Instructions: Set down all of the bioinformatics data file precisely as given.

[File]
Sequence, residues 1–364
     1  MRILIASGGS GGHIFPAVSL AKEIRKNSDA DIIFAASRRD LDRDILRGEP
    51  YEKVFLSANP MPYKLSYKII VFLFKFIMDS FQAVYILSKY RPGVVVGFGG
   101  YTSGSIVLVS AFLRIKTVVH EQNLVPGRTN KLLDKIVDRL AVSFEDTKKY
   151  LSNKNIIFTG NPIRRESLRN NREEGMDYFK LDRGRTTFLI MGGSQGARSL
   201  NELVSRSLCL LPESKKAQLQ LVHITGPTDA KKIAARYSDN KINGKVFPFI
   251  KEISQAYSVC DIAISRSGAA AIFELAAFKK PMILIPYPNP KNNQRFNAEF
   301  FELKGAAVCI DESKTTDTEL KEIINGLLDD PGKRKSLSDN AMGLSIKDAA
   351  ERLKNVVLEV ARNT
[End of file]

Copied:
Sequence, residues 1–364
     1  MRILIASGGS GGHIFPAVSL AKEIRKNSDA DIIFAASRRD LDRDILRGEP
    51  YEKVFLSANP MPYKLSYKII VFLFKFIMDS FQAVYILSKY RPGVVVGFGG
   101  YTSGSIVLVS AFLRIKTVVH EQNLVPGRTN KLLDKIVDRL AVSFEDTKKY
   151  LSNKNIIFTG NPIRRESLRN NREEGMDYFK LDRGRTTFLI MGGSQGARSL
   201  NELVSRSLCL LPESKKAQLQ LVHITGPTDA KKIAARYSDN KINGKVFPFI
   251  KEISQAYSVC DIAISRSGAA AIFELAAFKK PMILIPYPNP KNNQRFNAEF
   301  FELKGAAVCI DESKTTDTEL KEIINGLLDD PGKRKSLSDN AMGLSIKDAA
   351  ERLKNVVLEV ARNT